Fingerprints read at a distance

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posted on May, 17 2011 @ 11:26 AM
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Over the years, fingerprinting has evolved from an inky mess to pressing fingers on sensor screens to even a few touch-free systems that work at a short distance. Now a company has developed a prototype of a device that can scan fingerprints from up to two meters away


Fingerprints read at a distance

Perhaps it is time to wear gloves




posted on May, 17 2011 @ 11:39 AM
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Im going to jump on a boat to Haiti.
Spend a few days there you know, hang with Sean Penn for a while, then I will seek out
an old woman.
A very old and wise woman that is very well versed in the black arts of voodoo.
She will be nicely rewarded
and I would have placed the most hellacious curse on anyone who has ever designed or brought this type of a surveillance scourge or similar upon mankind.
Yes I will.
Sorry to all the pin hole cam makers in advance.
Things need to balance out you know.

Regards,
G.



posted on May, 17 2011 @ 12:03 PM
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reply to post by zookey
 


Time to get the pineapple juice out and remove the fingerprints.



posted on May, 17 2011 @ 12:04 PM
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Or just don't be a perp and not have to worry about wiping your own prints off of stuff.



posted on May, 17 2011 @ 02:32 PM
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The article suggest using remote fingerprinting instead of a time-card puncher at places of employment. That's Orwellian, and it should be illegal. If 99% of employees voluntarily submit to remote fingerprinting, it forces the other 1% to wear gloves when they punch in and out the old fashioned way and it makes them suspects.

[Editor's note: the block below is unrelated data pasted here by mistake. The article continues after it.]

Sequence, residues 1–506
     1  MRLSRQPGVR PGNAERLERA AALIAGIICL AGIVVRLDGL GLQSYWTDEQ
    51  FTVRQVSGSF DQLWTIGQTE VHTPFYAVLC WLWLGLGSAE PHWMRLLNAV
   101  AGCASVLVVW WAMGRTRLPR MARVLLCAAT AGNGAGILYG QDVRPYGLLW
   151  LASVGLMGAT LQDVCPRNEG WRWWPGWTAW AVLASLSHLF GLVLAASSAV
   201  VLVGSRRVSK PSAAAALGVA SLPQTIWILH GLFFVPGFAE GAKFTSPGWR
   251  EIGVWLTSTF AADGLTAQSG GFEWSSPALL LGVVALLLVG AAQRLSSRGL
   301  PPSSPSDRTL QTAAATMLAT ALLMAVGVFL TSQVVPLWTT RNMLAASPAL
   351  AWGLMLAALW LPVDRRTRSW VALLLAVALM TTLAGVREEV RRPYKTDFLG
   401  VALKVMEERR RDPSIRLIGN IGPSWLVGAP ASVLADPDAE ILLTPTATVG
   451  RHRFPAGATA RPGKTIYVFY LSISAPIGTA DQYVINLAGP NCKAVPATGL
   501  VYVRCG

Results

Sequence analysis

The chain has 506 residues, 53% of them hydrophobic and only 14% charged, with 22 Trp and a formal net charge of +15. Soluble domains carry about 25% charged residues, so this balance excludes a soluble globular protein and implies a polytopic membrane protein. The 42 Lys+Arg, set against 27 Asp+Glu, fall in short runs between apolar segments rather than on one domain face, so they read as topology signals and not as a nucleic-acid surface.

Under existing case law, police need a warrant or consent to fingerprint a suspect. If you leave your fingerprints on a glass in the presence of police, that constitutes consent. I would like to see that law strengthened with legislation, making it illegal to use surreptitiously obtained fingerprints in evidence against a defendant.

Better yet, it should be illegal for law enforcement agencies to even possess a device which can obtain fingerprints without consent. An exception might be made for detecting terrorist suspects at ports of entry to the country. If a fingerprint so obtained isn't already in the terrorist database, it should be illegal to record it. However, I doubt if that many terrorists have their fingerprints on record, so that would have little value.

Then there's the matter of "fruit of the poisoned tree". If a suspect is first identified by surreptitiosly obtained fingerprints, evidence subsequently developed because of that illegal search (of fingerprints) should also be excluded.

Until the law catches up, I guess it would be a good idea to buy stock in glove manufacturing companies.



posted on May, 17 2011 @ 02:35 PM
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Originally posted by jjkenobi
Or just don't be a perp and not have to worry about wiping your own prints off of stuff.


You dont have to be a criminal to get ground up in the "justice" system.

The fact that people still believe such nonsense as "only criminals need worry" is outrageous.

There's no tragedy when a criminal is caught. There are however limitless horrors when an innocent is.



posted on May, 17 2011 @ 05:55 PM
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Originally posted by jjkenobi
Or just don't be a perp and not have to worry about wiping your own prints off of stuff.


That sounds like my attitude about ten years ago, when I actually trusted things like governments or the legal system :p There are cases where people either get framed or set up for some crime that they didn't commit, or else, through sheer incompetence, well-meaning but stupid people will make mistakes and have punished people who in fact committed no crime. It's impossible to say how common this is, but I've read of cases where people were jailed for years, even decades, until finally they were able to prove their innocence.






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